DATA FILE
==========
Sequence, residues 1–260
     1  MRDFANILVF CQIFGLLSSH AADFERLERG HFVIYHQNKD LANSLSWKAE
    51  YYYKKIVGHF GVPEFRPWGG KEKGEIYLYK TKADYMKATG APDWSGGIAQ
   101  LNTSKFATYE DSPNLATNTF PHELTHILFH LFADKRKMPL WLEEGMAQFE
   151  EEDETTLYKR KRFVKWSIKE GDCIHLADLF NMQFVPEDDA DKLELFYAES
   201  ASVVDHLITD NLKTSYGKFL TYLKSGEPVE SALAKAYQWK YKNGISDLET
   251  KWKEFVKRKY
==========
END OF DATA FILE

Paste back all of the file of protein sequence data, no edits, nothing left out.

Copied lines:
Sequence, residues 1–260
     1  MRDFANILVF CQIFGLLSSH AADFERLERG HFVIYHQNKD LANSLSWKAE
    51  YYYKKIVGHF GVPEFRPWGG KEKGEIYLYK TKADYMKATG APDWSGGIAQ
   101  LNTSKFATYE DSPNLATNTF PHELTHILFH LFADKRKMPL WLEEGMAQFE
   151  EEDETTLYKR KRFVKWSIKE GDCIHLADLF NMQFVPEDDA DKLELFYAES
   201  ASVVDHLITD NLKTSYGKFL TYLKSGEPVE SALAKAYQWK YKNGISDLET
   251  KWKEFVKRKY